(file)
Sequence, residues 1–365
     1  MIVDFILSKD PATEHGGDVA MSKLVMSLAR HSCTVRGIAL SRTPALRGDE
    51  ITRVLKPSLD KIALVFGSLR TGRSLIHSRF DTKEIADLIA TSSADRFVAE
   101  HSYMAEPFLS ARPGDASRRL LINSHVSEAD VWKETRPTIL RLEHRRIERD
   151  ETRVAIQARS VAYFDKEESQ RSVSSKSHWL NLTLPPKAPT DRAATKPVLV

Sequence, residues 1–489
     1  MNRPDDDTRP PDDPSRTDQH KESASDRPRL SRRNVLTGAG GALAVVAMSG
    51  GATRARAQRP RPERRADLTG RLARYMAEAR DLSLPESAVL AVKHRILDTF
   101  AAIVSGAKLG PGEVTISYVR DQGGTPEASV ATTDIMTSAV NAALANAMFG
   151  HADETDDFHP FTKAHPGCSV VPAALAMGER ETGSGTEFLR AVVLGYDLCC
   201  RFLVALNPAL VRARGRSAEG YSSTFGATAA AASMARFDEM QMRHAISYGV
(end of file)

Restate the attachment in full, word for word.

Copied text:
Sequence, residues 1–365
     1  MIVDFILSKD PATEHGGDVA MSKLVMSLAR HSCTVRGIAL SRTPALRGDE
    51  ITRVLKPSLD KIALVFGSLR TGRSLIHSRF DTKEIADLIA TSSADRFVAE
   101  HSYMAEPFLS ARPGDASRRL LINSHVSEAD VWKETRPTIL RLEHRRIERD
   151  ETRVAIQARS VAYFDKEESQ RSVSSKSHWL NLTLPPKAPT DRAATKPVLV

Sequence, residues 1–489
     1  MNRPDDDTRP PDDPSRTDQH KESASDRPRL SRRNVLTGAG GALAVVAMSG
    51  GATRARAQRP RPERRADLTG RLARYMAEAR DLSLPESAVL AVKHRILDTF
   101  AAIVSGAKLG PGEVTISYVR DQGGTPEASV ATTDIMTSAV NAALANAMFG
   151  HADETDDFHP FTKAHPGCSV VPAALAMGER ETGSGTEFLR AVVLGYDLCC
   201  RFLVALNPAL VRARGRSAEG YSSTFGATAA AASMARFDEM QMRHAISYGV